The dotcom pioneer Joe Kraus recently said that "the 20th century was about dozens of markets of millions of consumers. The 21st century is about millions of markets of dozens of consumers.”

“This sums up how healthcare and life sciences are changing,” says Hilary Thomas, head of life sciences strategy group for KPMG, and one of the speakers at the forthcoming event From building blocks to blockbusters: the future of the human genome on April 3 (sponsored by KPMG and partnered with PharmaTimes).

She added that “as well as the personalisation of medicine, we’re now looking at the personalisation of conditions – where we can identify and target different strains or types of diseases where once they would have been looked at in isolation.”

But understanding the value and benefits of personalised medicine can’t be achieved without better data, Prof Thomas believes. “We are still in the infancy of real-world and big-data technologies – the industry is not yet ready to turn this opportunity into economic value. Getting it right will be critical to achieving the step change we need in patient outcomes without breaking the budget.”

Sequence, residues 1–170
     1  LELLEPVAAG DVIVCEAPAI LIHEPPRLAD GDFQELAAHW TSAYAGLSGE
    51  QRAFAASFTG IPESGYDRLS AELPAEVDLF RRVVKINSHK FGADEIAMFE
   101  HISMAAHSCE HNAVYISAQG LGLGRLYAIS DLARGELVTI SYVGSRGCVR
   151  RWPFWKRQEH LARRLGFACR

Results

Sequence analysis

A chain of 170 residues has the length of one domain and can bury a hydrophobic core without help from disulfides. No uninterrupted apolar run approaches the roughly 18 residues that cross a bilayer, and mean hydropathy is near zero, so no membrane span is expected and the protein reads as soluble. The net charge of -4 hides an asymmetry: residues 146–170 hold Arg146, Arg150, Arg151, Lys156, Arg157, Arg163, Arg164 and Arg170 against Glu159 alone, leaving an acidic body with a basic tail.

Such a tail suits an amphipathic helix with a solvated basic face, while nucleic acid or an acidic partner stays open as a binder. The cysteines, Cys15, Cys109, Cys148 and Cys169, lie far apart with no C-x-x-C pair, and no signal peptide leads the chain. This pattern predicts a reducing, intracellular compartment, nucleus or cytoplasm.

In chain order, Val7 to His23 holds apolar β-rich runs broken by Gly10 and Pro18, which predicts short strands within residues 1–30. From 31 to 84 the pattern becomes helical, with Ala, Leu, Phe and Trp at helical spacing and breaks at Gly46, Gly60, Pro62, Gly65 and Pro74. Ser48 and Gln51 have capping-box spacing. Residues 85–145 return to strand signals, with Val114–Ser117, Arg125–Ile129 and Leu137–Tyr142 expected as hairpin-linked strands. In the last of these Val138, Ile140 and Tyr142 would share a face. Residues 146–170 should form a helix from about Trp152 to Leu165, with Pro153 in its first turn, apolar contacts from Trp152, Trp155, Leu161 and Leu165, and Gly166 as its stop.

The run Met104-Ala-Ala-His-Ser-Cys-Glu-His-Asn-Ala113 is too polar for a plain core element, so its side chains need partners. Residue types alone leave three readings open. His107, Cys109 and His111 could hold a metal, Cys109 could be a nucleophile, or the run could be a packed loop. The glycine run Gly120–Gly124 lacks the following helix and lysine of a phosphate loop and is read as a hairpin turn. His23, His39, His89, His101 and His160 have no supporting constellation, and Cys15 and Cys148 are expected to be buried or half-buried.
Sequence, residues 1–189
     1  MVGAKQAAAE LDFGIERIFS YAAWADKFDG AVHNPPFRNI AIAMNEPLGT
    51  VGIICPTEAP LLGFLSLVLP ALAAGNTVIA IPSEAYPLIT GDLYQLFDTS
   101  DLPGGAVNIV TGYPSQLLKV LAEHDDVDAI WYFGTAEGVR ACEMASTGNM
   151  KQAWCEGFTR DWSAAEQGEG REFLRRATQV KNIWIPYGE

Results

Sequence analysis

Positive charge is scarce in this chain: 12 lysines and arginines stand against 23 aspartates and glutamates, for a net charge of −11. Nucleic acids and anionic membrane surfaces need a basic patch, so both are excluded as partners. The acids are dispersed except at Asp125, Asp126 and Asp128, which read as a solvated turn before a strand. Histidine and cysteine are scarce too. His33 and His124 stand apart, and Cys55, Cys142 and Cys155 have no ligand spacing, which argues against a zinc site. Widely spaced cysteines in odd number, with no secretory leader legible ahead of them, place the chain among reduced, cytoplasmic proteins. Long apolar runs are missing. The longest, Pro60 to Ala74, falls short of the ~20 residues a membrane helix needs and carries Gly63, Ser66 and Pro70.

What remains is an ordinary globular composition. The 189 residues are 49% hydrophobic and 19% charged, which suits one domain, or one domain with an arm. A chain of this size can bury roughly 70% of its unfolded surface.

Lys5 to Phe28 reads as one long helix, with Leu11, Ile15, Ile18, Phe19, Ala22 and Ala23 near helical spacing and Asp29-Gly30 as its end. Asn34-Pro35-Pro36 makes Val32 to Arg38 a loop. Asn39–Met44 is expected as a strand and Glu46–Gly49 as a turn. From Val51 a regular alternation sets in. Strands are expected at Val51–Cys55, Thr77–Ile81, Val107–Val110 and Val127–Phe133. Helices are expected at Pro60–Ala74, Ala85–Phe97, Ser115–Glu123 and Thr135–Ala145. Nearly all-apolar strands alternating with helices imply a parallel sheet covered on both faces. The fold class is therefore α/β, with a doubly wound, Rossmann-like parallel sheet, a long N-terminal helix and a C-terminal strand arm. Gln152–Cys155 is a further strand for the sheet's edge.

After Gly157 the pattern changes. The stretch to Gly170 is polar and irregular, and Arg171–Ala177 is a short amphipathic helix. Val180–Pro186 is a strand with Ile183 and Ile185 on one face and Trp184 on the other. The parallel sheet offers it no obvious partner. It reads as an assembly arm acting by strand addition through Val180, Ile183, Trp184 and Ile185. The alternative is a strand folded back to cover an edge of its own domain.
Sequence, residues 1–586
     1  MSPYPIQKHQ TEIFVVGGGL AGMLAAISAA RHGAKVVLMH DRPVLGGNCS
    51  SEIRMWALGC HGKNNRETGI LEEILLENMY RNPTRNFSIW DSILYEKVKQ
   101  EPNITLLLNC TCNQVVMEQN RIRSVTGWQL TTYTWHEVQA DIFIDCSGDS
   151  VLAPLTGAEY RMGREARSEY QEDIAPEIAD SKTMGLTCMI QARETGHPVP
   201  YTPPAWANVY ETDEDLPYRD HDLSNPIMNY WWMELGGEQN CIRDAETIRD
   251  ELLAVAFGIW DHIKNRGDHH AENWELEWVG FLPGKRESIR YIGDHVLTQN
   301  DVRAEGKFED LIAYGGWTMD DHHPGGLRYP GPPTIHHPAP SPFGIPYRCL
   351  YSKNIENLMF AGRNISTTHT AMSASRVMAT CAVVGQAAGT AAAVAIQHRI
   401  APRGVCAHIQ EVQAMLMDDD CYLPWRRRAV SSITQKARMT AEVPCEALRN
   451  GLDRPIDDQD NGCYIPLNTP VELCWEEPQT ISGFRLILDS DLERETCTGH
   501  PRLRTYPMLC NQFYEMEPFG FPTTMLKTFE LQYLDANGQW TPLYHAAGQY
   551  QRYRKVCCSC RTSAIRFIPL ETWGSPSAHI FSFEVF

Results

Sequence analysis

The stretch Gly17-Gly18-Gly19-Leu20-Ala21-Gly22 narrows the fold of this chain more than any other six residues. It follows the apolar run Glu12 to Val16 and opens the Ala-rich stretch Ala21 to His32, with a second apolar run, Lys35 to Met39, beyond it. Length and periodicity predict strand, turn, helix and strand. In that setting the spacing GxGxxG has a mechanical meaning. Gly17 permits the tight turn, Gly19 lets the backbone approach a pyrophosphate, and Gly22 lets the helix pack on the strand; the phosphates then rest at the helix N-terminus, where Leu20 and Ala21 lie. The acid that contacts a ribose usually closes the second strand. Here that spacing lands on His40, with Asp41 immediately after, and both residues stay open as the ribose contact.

Although an enormous amount of progress has been made, Prof Thomas suggests more needs to be done. “Let’s not be complacent, there are some fantastic examples of therapies targeting specific genetic anomalies – Novartis' Glivec (imatinib) to name but one – but pharma must do more, particularly around some of the more complex conditions such as Alzheimer’s.”

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